Daniel and Paul have been taking part in the Mentor service for 18 months. Paul signed up to become a Mentor in 2016 to Daniel, 16, who has learning difficulties and lives in foster care. Paul tells us a bit about his story: “You offer an independent support to youngsters that doesn’t report to schools, social workers, parents – it can be amazing how the relationship can flourish and grow.  The fact that you are an unpaid volunteer is very important to these youngsters – the fact that you are there for them because you want to be … not because you are paid to be is very significant. BLGC are desperate for mentors but particularly male mentors. So all you guys out there PLEASE give it some serious thought – its just a few hours a week but you can make a huge difference to a young person …and really for doing nothing more than offering a pair of ears that are for your young person only.”

BLGC for GM Poverty Action

Mentor David Quilliam with Lewis

If you are keen to donate your time to one of Bolton’s vulnerable young people, please get in touch with Gemma today by email or call 01204 504111

 

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Warm Homes Fund

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New scheme offers free central heating for local residents

500 homes across Greater Manchester will get a new central heating system fitted for free thanks to the Warm Homes Fund. The Greater Manchester Combined Authority has secured £1.8 million from a national fund £150 million established by National Grid and administered by Affordable Warmth Solutions. It offers a helping hand to households in fuel poverty or vulnerable to the cold as
modern central heating offers greater warmth and lower bills than old electric heaters or solid fuel fires.

To be eligible for the Warm Homes Fund scheme a household must:

• Qualify for one of the affordable warmth schemes in Greater Manchester (see below for details) and receive a home visit from a trained energy advisor

• Never have had central heating before (i.e. it currently has electric storage heaters, room heaters or open fires)

• Live in a property that is suitable for the safe and economical installation and operation of a central heating system.

Both homeowners and tenants are eligible, subject to a landlord’s permission.

The scheme covers the cost of everything that’s required: the boiler, radiators and pipework. Eligible households won’t have to contribute anything towards the cost.  Where necessary we will also seek to support a household to get connected to the mains gas grid.

The affordable warmth visit will also provide advice on saving energy, switching energy tariffs, install small energy saving measures and identify any other opportunities for a household to reduce their bills, such as insulation and income maximisation.   The scheme is being managed by AgilityEco on behalf of the Greater Manchester authorities. The systems are being installed by Engie, formerly Keepmoat Regeneration.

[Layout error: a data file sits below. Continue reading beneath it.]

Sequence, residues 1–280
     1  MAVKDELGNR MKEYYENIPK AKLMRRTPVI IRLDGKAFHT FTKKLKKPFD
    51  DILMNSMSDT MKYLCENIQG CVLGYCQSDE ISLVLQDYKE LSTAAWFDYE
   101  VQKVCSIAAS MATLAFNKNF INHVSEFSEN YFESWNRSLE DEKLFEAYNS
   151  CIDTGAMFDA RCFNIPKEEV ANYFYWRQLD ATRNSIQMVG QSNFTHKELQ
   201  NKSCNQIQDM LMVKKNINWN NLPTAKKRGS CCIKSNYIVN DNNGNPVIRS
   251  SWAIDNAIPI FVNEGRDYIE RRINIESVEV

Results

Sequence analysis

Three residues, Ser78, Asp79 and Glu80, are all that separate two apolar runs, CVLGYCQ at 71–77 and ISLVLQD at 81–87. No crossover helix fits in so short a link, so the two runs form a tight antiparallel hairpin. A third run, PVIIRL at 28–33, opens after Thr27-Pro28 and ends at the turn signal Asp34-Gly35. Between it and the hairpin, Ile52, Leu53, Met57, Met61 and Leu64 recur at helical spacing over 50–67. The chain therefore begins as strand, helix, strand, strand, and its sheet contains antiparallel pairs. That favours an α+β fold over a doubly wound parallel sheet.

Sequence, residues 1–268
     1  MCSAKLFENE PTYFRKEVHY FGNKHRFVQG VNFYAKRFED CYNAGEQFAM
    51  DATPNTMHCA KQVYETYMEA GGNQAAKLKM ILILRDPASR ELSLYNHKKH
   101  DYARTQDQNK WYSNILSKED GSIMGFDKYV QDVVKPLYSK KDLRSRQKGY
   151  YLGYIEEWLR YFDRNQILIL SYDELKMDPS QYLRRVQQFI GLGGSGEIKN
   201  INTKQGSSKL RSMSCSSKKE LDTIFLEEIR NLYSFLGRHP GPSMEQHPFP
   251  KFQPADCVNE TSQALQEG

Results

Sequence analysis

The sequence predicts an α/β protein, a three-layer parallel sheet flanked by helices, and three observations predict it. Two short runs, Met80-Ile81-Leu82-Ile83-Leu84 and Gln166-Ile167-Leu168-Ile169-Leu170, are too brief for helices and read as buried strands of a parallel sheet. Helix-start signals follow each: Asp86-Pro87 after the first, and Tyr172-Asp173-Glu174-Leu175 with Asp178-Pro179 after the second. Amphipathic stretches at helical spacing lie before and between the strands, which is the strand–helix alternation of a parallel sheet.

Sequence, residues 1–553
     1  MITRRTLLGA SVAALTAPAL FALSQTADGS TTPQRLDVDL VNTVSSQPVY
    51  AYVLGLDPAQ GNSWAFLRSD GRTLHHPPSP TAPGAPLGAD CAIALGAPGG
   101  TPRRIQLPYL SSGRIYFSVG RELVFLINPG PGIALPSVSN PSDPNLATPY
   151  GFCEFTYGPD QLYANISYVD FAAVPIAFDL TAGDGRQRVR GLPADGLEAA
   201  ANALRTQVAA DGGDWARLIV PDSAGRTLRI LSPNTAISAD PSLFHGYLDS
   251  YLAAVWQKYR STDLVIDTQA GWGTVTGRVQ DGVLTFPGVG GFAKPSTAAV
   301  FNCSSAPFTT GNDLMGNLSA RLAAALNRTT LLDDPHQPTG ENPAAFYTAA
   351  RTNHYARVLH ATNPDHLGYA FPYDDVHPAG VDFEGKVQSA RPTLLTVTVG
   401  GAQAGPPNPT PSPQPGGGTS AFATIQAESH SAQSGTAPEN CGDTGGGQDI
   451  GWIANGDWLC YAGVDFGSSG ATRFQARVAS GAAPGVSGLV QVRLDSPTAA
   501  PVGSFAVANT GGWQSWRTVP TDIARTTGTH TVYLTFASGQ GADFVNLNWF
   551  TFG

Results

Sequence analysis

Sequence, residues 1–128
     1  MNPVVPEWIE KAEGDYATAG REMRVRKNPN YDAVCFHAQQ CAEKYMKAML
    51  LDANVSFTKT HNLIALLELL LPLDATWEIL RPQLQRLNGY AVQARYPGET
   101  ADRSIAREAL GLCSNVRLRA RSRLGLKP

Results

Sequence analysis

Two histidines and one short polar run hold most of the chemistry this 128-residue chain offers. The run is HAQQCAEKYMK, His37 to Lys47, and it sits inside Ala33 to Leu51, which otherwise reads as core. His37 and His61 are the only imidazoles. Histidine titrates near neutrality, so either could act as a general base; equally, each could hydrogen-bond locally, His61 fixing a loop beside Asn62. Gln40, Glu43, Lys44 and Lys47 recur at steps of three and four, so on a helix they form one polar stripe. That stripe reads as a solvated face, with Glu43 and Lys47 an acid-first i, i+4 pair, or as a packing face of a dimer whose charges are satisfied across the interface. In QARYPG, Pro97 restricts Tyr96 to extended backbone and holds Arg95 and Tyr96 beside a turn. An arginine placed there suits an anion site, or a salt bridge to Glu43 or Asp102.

How to apply

To apply for yourself or for someone else please contact the relevant affordable warmth scheme for your area. They will arrange a home visit and check whether you are eligible for the Warm Homes Fund. The contact details are as follows:

Bolton:  Bolton Care 01204 328178 website
Oldham: Warm Homes Oldham 0800 019 1084  website
Wigan:  Awarm Plus  01942 239360  website
All other areas:  LEAP  0800 0607567  website

If you are an organisation or landlord and would like more information about how the scheme can benefit your clients or tenants, please contact James Sommerville

 

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Penny’s Story

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Penny’s story demonstrates the importance of sustainable work as opposed to precarious work. Her community work also demonstrates how much people have to offer despite being in poverty.

Beyond Poverty: Penny's Story for GM Poverty ActionPenny was born in Salford, and describes her early days, “We had no cots, the babies slept in wooden drawers. It was a big old Victorian house, which had half a roof, and the windows were missing. It was so cold you might have well been outside. We would burn anything we could just to keep warm. How we didn’t set ourselves on fire I don’t know.”

Her family moved to Reddish in Stockport and she attended Reddish Vale High School. She didn’t go to college, “Higher qualifications were never a thing for us. Going to college was unheard of unless you were wealthy”, she says. Instead, Penny went into work straight from school. She packed cornflakes in “a big old Victorian mill, just by the Reddish bridge. A big local employer. My first wage packet was £43 after a week’s work. I felt so rich it was unbelievable. But like much else, the factory doesn’t exist anymore.” She then worked for Adidas in another local factory, overlocking (sewing and cutting clothes). “I pushed myself really hard six days a week, fired up because we had grown up with nothing.” Penny became Head Overlocker, training others and managing the apprenticeships.

Penny has a big smile, remembering her life at 30, when she had never had it so good. Money was plentiful, work was secure, and she was good at her job, respected and valued by her local working community. But then the Adidas warehouse closed and production moved to China. “Everything started unravelling for me. The Adidas warehouse was my home, and when it closed we all lost our livelihoods. When you’re young you don’t think of it like that. You think you’ll walk into another job. But I never felt I belonged in any of them. They were all short term. And there was a lot of local competition for work, what with factories closing.”

Penny, now back living in Salford,  had started a family when at the Adidas factory, but when the work dried up, and with two children, she had to turn to the social security system to survive. “I was struggling day to day existing, never really living. I was just trying to keep my children safe, having them do well in their education was my major struggle. With minimum wage and zero hours contracts jobs, half the people in Salford who are working have to have their wages topped up by benefits. This is dark age Britain, and so many people are struggling, it’s not fair. They hide behind doors, afraid to come out of the house.”